Health secretary Andrew Lansley is battling to publish his “white paper” on NHS reform next week amid government concern there is too little detail on his reform programme.

Last week Mr Lansley’s plans were rejected by a committee of senior Liberal Democrat and Conservative MPs formed to resolve disputes within the coalition government. The prime concerns were the extent of NHS restructuring implied by plans to abolish strategic health authorities and shift the majority of commissioning to GPs.

Mr Lansley has not set out how he will simultaneously free GPs to spend money where they see fit and ensure the NHS budget is not overspent

Mr Lansley was not present at the meeting. As HSJ went to press, figures close to him were trying to understand the scale of rethinking his colleagues require.

Those sources are now referring to the paper scheduled to be published on 12 July as a “white paper with a green-ish tinge”. Mr Lansley himself has also referred to it as a “strategy paper”. Whitehall sources said the ambiguity resulted from concerns among government colleagues and the Treasury that the paper would be light on detail.

The biggest concerns continue to focus on spending controls for GP commissioning consortia. Mr Lansley has not set out how he will simultaneously free GPs to spend money where they see fit and ensure the NHS budget is not overspent.

Last week HSJ revealed that GP commissioning could generate a gross annual deficit of at least £1.2bn a year, if £60bn of the NHS budget is devolved to practices.

A new proposal now being explored is to establish around 50 health authority organisations which would take on “accounting officer” status to control GP spending. These could also have elected members and run local public health services, a role currently envisaged for primary care trusts.

Mr Lansley also plans to announce his intention to move NHS foundation trusts from the public sector balance sheet, as initially planned by former Labour health secretary Alan Milburn in 2002.

Advocates of the policy argue the move would sharpen the incentive for foundation trusts to be efficient because it would be clear the government would not step in if they faced difficulties. It could also see thousands of people removed from the NHS pension scheme if new employees were not entitled to join it.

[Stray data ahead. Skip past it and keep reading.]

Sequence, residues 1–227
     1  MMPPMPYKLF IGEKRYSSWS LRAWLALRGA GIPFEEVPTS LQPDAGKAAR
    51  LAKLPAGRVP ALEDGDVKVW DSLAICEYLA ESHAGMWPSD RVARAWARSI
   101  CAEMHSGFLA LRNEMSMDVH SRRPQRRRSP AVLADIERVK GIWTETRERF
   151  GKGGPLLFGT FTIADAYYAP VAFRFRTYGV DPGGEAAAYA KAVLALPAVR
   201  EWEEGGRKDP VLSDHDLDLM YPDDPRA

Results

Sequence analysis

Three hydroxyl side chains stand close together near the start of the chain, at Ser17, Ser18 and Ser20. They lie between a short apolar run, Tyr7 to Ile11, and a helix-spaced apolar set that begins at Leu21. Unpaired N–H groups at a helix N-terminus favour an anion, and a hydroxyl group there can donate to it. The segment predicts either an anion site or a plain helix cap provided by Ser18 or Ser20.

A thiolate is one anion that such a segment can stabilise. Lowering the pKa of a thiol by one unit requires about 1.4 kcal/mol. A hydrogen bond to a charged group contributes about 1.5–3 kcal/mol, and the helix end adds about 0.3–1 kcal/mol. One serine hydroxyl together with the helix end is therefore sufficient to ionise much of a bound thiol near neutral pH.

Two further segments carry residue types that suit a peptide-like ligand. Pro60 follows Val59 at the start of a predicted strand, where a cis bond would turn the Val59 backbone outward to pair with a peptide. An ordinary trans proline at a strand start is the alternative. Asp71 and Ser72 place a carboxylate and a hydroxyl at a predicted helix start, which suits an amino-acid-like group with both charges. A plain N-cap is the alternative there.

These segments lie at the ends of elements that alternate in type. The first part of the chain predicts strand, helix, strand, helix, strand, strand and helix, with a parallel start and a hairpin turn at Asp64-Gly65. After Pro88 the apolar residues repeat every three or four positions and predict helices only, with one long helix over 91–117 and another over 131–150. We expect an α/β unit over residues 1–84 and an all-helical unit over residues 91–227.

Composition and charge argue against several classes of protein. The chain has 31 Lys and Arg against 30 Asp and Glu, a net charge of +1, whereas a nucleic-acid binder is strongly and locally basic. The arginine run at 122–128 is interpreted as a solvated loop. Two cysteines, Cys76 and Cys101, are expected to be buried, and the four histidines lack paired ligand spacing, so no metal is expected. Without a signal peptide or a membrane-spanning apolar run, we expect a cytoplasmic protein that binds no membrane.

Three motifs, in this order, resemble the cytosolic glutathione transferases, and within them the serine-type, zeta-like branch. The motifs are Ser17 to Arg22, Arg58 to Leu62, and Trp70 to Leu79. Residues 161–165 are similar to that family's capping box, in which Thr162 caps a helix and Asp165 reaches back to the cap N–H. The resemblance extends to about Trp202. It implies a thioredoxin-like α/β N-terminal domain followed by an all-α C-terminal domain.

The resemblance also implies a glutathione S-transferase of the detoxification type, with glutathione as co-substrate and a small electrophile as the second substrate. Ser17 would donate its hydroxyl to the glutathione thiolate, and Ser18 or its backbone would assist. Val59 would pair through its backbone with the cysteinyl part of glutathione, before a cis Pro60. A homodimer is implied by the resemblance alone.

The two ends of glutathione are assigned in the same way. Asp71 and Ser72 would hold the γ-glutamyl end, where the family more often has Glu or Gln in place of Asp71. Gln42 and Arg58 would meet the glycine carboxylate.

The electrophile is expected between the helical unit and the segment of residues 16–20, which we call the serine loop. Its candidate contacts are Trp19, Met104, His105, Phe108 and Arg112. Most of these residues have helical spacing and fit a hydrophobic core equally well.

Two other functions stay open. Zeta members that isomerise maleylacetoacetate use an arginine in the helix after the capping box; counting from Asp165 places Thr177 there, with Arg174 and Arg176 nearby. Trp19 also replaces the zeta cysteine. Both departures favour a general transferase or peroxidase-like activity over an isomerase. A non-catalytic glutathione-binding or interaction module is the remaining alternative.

But to move FTs off balance sheet the Treasury and Office for National Statistics would need to be satisfied the government really did no longer control foundations - either directly or through undiluted dependence on NHS funds.

The ONS would also need to be satisfied assets had genuinely been transferred to foundation trusts at a commercial rate. Foundation net assets are valued at £15.8bn on their balance sheets, but any sale would likely involve a revaluation.

University College London Hospitals Foundation Trust chief executive Sir Robert Naylor told HSJ foundations with significant surpluses would be interested in using part of them as a lump sum down payment on the purchase of their assets.

At the end of March 2010, the accumulated cash surplus of foundations stood at £2.9bn.

Sir Robert called for foundations to explore establishing their own intra-foundation lending arrangements to aid asset acquisition.

The DH is also working on a separate white paper scheduled for “late autumn” publication due to set out proposed changes to public health. It is expected to include the ringfencing of a separate public health budget and the change in the DH’s focus to become a department of public health.

But plans for elected PCT boards, which were part of the coalition agreement and anticipated to be in the public health white paper, are also encountering difficulties. The Lib Dems are unhappy with Mr Lansley’s plans to strip PCTs of the majority of their commissioning role, which would minimise the role of elected board members.